A portion of the screen which is blackened or otherwise covered to change the aspect ratio of an image being presented on a monitor or television screen. A matte is typically applied to the top and bottom of the screen when using the letterbox format in DVD-Video playback.
(also mask): Early filmmakers created in-camera composites by covering part of the lens with a mask while filming, or placing a sheet of glass with a blacked-out area between the camera and the scene, to prevent a portion of the film from being exposed. The cameraman would then rewind the film, and shoot again with the mask removed and the previously exposed area covered, thus combining two images in one shot. In "The Playhouse," (1921), Buster Keaton used this method to put himself on-stage as nine different characters. A stationary matte marks off a static defined area; a travelling matte follows the silhouette of a moving character or object and changes shape from frame to frame.
A mask layer is sometimes called a matta or alpha matte. Commonly used to make a certain colour background transparent.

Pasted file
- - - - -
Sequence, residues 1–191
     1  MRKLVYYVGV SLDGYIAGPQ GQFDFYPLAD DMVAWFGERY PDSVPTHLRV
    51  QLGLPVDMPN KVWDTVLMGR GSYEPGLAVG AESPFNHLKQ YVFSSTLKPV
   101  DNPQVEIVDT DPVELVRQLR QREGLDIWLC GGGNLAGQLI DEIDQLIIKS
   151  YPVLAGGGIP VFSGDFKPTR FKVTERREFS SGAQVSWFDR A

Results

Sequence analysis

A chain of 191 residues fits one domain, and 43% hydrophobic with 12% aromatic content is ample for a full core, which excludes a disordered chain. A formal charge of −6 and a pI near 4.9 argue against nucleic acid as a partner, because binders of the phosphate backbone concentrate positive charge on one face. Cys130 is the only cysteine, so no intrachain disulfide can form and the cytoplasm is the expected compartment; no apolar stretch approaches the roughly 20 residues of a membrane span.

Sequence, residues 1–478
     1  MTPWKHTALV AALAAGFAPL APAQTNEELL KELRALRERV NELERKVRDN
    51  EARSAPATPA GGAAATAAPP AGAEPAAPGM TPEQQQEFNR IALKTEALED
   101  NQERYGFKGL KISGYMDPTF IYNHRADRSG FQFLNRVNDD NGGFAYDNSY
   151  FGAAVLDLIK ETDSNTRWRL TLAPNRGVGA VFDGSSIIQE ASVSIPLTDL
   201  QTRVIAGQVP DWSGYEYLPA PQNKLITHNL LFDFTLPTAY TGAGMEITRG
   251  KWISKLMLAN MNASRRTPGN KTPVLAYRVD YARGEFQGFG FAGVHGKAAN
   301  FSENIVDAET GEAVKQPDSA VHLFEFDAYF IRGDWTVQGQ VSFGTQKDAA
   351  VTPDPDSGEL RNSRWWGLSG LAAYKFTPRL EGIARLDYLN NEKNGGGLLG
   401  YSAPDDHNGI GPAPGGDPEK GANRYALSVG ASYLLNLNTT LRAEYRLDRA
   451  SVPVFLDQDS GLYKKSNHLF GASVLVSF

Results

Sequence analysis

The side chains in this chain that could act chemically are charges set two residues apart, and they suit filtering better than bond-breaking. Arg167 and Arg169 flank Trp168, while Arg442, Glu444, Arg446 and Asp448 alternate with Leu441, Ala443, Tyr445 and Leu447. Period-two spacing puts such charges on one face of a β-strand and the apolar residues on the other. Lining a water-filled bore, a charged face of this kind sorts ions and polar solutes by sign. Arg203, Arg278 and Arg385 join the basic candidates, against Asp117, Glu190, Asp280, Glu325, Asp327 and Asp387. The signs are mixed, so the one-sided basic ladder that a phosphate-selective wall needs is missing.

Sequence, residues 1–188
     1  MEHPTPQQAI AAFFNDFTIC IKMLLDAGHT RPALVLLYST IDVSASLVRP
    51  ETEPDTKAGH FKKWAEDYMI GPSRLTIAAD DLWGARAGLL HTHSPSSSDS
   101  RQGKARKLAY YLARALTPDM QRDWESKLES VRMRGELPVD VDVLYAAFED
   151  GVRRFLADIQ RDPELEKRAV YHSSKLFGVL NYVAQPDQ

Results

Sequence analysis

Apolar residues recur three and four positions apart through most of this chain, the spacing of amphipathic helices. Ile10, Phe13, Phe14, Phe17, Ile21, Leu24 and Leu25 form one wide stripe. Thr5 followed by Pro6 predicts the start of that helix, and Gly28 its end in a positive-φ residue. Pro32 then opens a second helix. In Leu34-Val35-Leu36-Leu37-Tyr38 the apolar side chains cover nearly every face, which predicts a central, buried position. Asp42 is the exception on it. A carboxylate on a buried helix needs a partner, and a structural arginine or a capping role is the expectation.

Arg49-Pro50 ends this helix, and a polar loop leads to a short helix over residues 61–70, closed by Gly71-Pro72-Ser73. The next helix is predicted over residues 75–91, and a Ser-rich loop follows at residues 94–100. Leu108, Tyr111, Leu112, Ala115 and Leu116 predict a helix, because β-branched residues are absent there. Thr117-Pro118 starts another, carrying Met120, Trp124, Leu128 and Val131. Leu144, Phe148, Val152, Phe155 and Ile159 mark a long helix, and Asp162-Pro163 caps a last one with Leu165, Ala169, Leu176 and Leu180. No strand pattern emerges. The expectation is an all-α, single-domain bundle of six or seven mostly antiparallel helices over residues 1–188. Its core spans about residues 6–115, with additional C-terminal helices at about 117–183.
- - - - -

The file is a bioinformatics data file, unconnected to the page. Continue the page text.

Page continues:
A means of covering up part of an image. In motion picture photography and video it (as plural) generally refers to the aperture plates or other means of hiding from view the top and bottom edges, leaving what will ultimately be a wide screen movie picture. Whereas without the mattes the displayed image would be taller with extra material at the top and bottom that is really not part of the presentation.
The process of using an electronic mask to cover part of a video image and replace it with another image.
store matte channel if the image has one
In rendering, information that defines the transparency of each pixel (opaque, partly transparent, completely transparent). The unused pixels of an image (black space) have a completely transparent matte.
A separate [usually] black and white signal that is used to separate parts of the image during compositing.
The black bars used to change a screen’s ratio from standard TV (4:3) to widescreen (16:9).
Mattes are used in photography and special effects filmmaking to combine two or more image elements into a single, final image. Usually, mattes are used to combine a foreground image (such as actors on a set, or a spaceship) with a background image (a scenic vista, a field of stars and planets).